A new study has found that, globally, micro- and nanoplastics and plastic additives are widespread across our food supply. While we have an understanding of how they get there, we don’t know a lot about their effects on human health, food safety and security.
The average person discards about 77 lb (35 kg) of plastic waste each year, which adds up to 303 million tons (275 million tonnes) globally.
Discarded plastic that ends up in the environment degrades into micro- and nanoplastic particles (MNPs). MNPs can be found pretty much everywhere, from remote mountain tops to arctic regions to the desert and deep ocean trenches. There’s been much research into MNPs since the early-to-mid 2000s, concerned with the potential dangers microplastics pose to human and environmental health.
A new study by CSIRO, Australia’s national science agency, is one of the first to analyze the available academic literature about microplastics and their effect on food safety and security.
There are many ways MNPs can enter the human food chain. The most well-known way is by a process called trophic transfer. Animals carry microplastics in their bodies, so when other animals eat them, the microplastics are ingested too and transferred up the food chain to humans.
But recently, food processing and packaging processes have been identified as a source of MNPs. Polyethylene cutting boards can contaminate meat with microplastics, packaged poultry has been found to contain polystyrene microparticles, and take-out food containers and plastic cups can release MNPs on first use.
“Fresh food, for example, can be plastic-free when it’s picked or caught but contains plastics by the time it’s been handled, packaged and makes its way to us,” said Joost Nelis, lead author of the study. “Machinery, cutting boards, plastic wrapping can all deposit micro- and nanoplastics onto our food that we then consume.”
The researchers considered past studies on MNP toxicity in human cells and model organisms. Some effects included mitochondrial dysfunction, inflammation, cell death, and toxicity in the heart, lungs and reproductive organs. Other studies showed that plastic nanoparticles can pass through the blood-brain barrier in fish and mice, causing brain toxicity.
“This is particularly concerning due to the ubiquity of MNPs, their presence in various sources of human food and the lack of regulation regarding MNP content and dispersion,” said the researchers.
They found that the issue of plastic additives leaching from MNPs into water, soil and animal tissue is under-researched. Plastic additives are chemical compounds blended with polymers during production to, for example, improve flexibility or protect against UV radiation. There were substantial information gaps about the properties of these substances and how often they are used.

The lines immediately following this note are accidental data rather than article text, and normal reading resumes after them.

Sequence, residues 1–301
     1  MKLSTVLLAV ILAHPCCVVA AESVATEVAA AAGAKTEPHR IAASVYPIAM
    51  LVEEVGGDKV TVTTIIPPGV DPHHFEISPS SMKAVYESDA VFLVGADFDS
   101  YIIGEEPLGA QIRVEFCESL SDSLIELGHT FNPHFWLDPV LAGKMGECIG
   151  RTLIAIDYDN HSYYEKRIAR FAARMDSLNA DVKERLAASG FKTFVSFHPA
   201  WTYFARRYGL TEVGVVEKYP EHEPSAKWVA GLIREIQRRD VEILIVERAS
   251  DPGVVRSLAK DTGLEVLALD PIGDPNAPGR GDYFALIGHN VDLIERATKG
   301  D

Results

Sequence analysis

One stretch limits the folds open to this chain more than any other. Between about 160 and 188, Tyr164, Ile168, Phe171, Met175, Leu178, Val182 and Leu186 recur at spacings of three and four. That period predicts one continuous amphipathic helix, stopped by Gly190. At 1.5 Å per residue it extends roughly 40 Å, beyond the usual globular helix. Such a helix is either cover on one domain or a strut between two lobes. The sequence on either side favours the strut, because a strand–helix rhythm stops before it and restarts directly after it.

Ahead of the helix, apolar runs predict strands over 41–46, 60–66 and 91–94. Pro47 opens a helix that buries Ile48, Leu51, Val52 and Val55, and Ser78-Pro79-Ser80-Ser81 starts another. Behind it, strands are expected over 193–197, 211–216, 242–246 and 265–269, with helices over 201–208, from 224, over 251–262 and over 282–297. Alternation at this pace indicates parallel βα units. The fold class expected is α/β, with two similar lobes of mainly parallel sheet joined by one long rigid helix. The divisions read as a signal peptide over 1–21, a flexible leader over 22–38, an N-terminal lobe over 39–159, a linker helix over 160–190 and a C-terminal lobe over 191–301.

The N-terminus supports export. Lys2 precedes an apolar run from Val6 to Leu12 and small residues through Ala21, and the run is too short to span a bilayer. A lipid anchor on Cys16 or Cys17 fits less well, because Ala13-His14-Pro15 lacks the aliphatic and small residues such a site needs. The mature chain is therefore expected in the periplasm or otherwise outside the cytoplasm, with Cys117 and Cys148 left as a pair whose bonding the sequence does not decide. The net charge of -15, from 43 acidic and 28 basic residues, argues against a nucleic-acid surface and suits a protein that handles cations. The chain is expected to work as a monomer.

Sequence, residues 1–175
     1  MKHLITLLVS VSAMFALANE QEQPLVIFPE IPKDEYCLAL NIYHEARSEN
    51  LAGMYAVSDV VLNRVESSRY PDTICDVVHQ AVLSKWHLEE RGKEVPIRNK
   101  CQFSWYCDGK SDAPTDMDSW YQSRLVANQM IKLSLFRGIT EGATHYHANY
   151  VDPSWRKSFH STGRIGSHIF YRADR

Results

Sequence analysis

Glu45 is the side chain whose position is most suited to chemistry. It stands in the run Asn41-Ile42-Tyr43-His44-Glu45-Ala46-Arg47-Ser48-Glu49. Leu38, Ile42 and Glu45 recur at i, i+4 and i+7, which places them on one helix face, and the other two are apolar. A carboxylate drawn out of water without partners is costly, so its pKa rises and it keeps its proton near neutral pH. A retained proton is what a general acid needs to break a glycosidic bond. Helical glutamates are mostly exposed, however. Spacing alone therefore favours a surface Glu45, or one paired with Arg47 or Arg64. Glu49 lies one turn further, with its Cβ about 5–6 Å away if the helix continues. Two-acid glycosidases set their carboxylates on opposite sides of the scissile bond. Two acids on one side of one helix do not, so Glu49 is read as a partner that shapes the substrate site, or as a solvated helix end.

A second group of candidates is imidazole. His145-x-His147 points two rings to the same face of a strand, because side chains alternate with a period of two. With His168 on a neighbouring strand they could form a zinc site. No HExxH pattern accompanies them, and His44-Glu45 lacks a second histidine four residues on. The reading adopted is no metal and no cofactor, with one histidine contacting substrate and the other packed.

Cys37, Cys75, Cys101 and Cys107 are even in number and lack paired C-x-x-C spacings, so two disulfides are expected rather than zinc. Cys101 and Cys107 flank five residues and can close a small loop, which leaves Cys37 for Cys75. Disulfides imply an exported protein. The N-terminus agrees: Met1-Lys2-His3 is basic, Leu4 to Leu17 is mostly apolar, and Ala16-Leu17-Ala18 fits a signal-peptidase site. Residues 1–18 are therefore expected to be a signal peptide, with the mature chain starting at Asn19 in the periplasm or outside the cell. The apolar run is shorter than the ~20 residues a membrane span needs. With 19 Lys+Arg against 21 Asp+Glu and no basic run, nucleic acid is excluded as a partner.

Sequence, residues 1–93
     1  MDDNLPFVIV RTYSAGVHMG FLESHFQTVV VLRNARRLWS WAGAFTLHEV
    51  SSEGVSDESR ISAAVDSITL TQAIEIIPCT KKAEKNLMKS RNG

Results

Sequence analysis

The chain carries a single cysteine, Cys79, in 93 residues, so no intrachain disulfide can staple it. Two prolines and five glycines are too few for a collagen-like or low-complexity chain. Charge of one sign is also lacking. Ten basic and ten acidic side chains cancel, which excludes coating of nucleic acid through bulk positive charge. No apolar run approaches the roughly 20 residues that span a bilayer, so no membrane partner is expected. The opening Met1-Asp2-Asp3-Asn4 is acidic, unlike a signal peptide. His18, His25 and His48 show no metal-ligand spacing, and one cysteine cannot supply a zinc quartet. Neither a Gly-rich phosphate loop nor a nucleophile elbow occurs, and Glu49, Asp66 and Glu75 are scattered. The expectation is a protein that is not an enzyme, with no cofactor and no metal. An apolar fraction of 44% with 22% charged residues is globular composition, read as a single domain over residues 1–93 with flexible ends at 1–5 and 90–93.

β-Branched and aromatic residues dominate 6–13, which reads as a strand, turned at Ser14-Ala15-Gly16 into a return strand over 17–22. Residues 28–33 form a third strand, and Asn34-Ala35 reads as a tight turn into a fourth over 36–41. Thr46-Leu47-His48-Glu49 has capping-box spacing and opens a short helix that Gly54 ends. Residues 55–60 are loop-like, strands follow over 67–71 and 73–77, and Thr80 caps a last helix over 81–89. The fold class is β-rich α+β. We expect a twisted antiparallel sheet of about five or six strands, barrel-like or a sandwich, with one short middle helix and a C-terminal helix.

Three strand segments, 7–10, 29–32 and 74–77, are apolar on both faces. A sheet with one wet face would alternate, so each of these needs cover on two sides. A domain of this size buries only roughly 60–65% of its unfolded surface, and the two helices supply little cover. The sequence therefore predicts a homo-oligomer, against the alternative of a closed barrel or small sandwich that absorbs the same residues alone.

Diverse microbes can attach themselves to plastic particles, forming colonies that can be transferred through the environment from wastewater to the human gut, affecting food safety. Moreover, studies have shown that MNPs can lead to antibiotic resistance.
Currently, no definitive studies demonstrate the harm to humans caused by MNPs. But, given the overwhelming presence of microparticles globally, including in our food, the CSIRO team is calling for more studies into the effects of plastics and plastic additives on food safety and security.
“The key missing information is determining safe levels of microplastics,” Nelis said. “We currently don’t know exactly what the microplastic flux through the food system is or which levels can be considered safe.”
In the meantime, the researchers say, people can do their part to reduce MNPs entering the environment. Less frequent use of washing machines is one way. Over 700,000 microfibers containing microplastics are estimated to be released from synthetic clothing during an average 13 lb (6 kg) wash cycle. Another way is to use fewer plastics in the kitchen when preparing and storing food.
The study was published in the journal TrAC Trends in Analytical Chemistry.
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